Sunflowers are drought tolerant and love the hot, summer sun, but they will benefit from a weekly watering from the time the flowers develop until they bloom. Adding a couple inches of mulch around the base of established plants will keep weeds down and also help retain soil moisture. Fertilizing sparingly to keep growth controlled; this prevents stems from breaking in the fall causing plants to topple over.

A full grown sunflower plant can range in size from a couple of feet tall (dwarf varieties) to towering heights of 16 feet. Their flower heads can span from a few inches across to almost a foot in diameter.

Due to the height of plants and the size of the flower heads, it may be necessary to help support established plants. This can be done with stakes or even simply tying them to a fence or other supportive structure.

Sunflower Pests

Sunflowers

Sunflowers

Sunflowers are typically resistant to most insect pests. Their seed-filled flower heads will attract birds and squirrels as the season progresses. If you have no intent on harvesting the seed then there’s no need to protect the plants from these nuisance animals.

But if you want to use the seeds put some barrier methods in place to keep animals from snacking. Home and garden centers – as well as online retailers – sell polyspun garden fleece that can be used to cover flower heads and protect them.

Periodically plants fall prey to mildew or rusts. Cultural methods are the most effective ways to prevent and/or control these diseases: keeping the garden bed weed free, allowing good air circulation around the base of plants, and watering early in the morning.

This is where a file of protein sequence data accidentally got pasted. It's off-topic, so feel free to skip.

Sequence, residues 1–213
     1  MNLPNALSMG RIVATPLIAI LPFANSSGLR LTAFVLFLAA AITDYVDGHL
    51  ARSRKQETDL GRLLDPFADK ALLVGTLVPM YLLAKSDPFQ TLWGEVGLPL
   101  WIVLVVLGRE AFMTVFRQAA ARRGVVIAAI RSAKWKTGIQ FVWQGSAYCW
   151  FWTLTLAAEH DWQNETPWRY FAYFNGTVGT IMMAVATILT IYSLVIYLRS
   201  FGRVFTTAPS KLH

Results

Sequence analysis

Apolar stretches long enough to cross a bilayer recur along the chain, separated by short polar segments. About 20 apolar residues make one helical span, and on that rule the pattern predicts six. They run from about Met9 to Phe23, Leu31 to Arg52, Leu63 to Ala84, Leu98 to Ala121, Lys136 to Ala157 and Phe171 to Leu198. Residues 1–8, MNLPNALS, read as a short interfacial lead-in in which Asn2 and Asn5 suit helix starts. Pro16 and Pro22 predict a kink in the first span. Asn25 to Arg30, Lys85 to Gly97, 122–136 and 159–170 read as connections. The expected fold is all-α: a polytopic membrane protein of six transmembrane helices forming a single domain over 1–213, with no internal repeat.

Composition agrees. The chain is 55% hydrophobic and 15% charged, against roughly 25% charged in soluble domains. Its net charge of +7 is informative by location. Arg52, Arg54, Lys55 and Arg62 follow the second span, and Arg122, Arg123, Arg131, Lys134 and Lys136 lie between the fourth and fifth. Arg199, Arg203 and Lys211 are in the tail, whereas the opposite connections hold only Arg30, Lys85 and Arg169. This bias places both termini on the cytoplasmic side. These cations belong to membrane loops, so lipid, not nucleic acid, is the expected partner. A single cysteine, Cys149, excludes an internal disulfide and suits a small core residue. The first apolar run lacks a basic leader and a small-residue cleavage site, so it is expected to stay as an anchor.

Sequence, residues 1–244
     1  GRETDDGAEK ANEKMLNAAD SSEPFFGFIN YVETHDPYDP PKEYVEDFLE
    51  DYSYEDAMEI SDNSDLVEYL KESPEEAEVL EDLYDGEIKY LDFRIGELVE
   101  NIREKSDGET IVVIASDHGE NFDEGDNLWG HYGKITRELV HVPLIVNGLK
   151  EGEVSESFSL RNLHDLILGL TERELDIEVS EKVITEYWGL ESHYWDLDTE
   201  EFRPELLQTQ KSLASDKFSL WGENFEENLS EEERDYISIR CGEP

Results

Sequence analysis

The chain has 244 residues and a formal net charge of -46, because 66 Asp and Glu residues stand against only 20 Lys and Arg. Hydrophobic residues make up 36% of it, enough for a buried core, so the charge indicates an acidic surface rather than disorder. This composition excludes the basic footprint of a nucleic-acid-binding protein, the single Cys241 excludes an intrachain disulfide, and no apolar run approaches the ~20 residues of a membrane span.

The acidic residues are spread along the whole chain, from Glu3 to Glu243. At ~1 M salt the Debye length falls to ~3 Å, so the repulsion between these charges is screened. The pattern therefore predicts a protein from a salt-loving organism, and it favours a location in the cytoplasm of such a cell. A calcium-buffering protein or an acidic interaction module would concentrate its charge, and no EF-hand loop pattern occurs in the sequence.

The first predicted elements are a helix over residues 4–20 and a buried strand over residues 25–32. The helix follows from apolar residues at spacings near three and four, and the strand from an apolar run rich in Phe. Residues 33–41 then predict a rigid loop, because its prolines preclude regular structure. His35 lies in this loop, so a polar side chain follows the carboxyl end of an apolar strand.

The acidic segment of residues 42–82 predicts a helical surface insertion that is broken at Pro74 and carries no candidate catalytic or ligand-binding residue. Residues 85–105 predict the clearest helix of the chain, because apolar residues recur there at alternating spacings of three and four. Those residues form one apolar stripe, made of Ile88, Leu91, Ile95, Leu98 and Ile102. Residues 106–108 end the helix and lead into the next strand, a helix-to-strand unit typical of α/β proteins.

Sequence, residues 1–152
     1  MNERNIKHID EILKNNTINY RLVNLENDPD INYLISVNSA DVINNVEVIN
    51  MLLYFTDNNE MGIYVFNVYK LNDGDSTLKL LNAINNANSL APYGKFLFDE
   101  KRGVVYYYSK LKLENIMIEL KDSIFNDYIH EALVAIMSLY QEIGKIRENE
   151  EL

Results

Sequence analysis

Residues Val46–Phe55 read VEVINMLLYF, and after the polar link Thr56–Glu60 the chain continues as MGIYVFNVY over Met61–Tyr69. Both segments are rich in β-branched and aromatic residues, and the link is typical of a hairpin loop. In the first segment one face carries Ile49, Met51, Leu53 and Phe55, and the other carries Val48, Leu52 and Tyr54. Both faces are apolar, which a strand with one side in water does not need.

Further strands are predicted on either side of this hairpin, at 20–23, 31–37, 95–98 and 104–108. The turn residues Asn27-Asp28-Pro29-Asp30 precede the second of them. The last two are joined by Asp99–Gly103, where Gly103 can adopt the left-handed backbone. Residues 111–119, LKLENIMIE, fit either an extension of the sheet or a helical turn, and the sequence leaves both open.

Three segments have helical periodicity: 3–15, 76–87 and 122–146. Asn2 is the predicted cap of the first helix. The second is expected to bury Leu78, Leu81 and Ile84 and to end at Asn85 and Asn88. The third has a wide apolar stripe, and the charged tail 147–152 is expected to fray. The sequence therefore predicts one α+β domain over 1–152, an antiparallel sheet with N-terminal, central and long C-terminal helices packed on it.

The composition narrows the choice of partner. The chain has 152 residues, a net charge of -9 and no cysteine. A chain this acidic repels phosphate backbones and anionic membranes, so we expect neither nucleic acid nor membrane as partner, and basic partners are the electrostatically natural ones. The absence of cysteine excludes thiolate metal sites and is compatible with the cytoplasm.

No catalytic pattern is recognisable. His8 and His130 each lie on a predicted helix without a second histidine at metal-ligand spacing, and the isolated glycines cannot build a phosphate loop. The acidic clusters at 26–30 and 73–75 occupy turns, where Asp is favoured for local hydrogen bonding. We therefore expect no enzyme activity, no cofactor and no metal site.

If the mildew or rust is caught early an application of a garden fungicide can protect the healthy, uninfected foliage; heavily infected plants should be removed and discarded to prevent the spread of disease to other garden specimens.

Sunflowers make a fantastic, cheery addition to any garden space. Needing minimal care in terms of watering and fertilizing they grow to stunning heights and produce dinner plate sized flower heads.

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Zinnia Flowers

Zinnia flowers are a summer flower favorite of mine, and possibly a lot of other peoples too. What’s not to love with the warm colors, the bright green foliage, and of course the versatility these plants have to offer.

They are annual plants that are as easy to grow as they are to care for. One of the best reasons to plant these flowers in your flower bed is for the variety of colors they grow in. You have your choice from red, yellow, pink, purple, yellow, white and more.

Zinnia Flower

Zinnia Flower

You can go with one color of Zinnias, if you have a color scheme going in your garden, or have a plethora of colors that will really liven up your summer garden.

Besides coming in a variety of colors, they also come in a variety of shapes and sizes. Some can grow as tall as 3 feet high, while the dwarf varieties can reach about 1 foot. The size of your plants could determine where you want to place them in the garden.

This plant grow very quickly once planted. So you really should plan out when you want this plant to germinate, because almost as soon as you plant it, it will be ready to grow.

When I’m planting my Zinnias, I usually dig a hole, or a few holes, in my garden and sprinkle in an ample amount of seeds. I water them regularly until the flowers begin to sprout.

Once they begin to grow, they do not need to be watered as regularly. They are pretty tolerant of heat. If you are in a drought for a long while, then you may want to water them.

Besides being great plants for edging, bordering a garden, and filling up an entire flower bed, Zinnias also make lovely fresh cut flowers.

When your flowers are fully grown, simply cut a few that you would like to take indoors. Mix up colors and have fun pairing them with some other great summer flowers like Baby’s Breath and Cosmos.

Water the cut flowers daily to enhance their life to the fullest. With proper care they will last at least a week or so. And with them growing right outside your door, you have a vase of fresh cut Zinnias all season long!